What makes Pandur different from many other directors of our time is his love and compassion towards his characters. His Caligula - played by Livio Bandurina - is actually a Little Prince who knows that life is only a passing phenomenon and that the time to realize his ideas will not be granted to him. This Caligula lives his three short years of his reign in a daze oriented towards the Theatre of the Moon, for it is his only real pillar of his desires. In the water of the lake in which he leads his short imperial life, Pandur expounds the reflections of Caligula, which will - perversely, zealously or visionary confronted by the Moon or with a dissapointed look facing the ground - survive untill today. (...) The spectators of Mittelfest where visibly shocked by Pandur´s vision of Caligula. Glued to their seats, spellbound by images of amazing beauty and a deeply moving score, none of the spectators even remembered to open their umbrellas, when it began to rain in several intervals. They followed Caligula´s "game" with the Moon breathlessly, as well as his physical toying with his beloved heavenly body which suddenly, treachously, returned into the sky ... leaving him to his executioners.
Svjetlana HRIBAR, Novi List
Caligula in the Language of Impressions, Aestheticized Despaire and Madness The audience received the performance of the slovene director Tomaž Pandur with great interest and applause. The outstanding Livio Badurina is the prime example of Pandur´s theatre poetics; in this performance he simply stands out not only by the predominant leading role and doubtless efficiency of his performance, but because of his exquisite ability to balance the image of a desperate cool madness, as well as the character´s debauchery spinning between cruelty and frailty.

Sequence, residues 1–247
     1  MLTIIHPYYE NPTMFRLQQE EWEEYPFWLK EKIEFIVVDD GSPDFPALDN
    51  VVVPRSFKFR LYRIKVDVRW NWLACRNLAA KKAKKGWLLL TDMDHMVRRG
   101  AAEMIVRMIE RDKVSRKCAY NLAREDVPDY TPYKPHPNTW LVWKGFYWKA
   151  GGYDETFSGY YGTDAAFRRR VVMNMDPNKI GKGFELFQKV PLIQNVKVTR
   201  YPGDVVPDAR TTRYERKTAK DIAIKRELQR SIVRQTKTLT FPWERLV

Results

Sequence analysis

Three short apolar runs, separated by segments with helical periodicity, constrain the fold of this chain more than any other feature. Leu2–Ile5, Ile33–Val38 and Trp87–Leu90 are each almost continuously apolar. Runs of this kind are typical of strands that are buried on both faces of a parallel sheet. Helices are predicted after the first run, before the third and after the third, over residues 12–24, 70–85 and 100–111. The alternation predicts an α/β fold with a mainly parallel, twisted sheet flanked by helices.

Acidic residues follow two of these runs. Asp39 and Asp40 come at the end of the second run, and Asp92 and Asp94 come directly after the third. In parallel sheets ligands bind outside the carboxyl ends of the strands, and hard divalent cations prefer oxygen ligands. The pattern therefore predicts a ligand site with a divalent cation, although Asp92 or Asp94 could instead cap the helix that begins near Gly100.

(...) Numen created the scenography, which represents his empire in heavy and solid cubic blocks of a modern, industrial colosseum where in the frail reflection of the watery base Caligula´s last game with his soul is played out. The director has, with his indispensable theatrical instinct, set the whole performance on a liquid surface, where water is both a symbol (still water does not liberate, but poisons) and an effect that enchants with a fascinating combination of lights, shadows and metallic reflections of splashes. Each element of the performance equally cocreates the narrative whole. The lyrics of the exquisite original music by the duo Silence are set this time to italian, which with its almost sentimental tenderness presents a bitter contrast to the poetic dimension. (...) In the final phase all the basic utopias collapse and the work moves to the third and most current level of analysis. When the moon-balloon flies off from the stage high into the night sky, with a purely simple and deeply poetic effect, after the emperor played with it on the edges of his lances with a tender, childlike naivety and after man has taken his first steps on its surface, the utopia finally devaluates, losing its fatal meaning as the last extreme impossile desire. (...)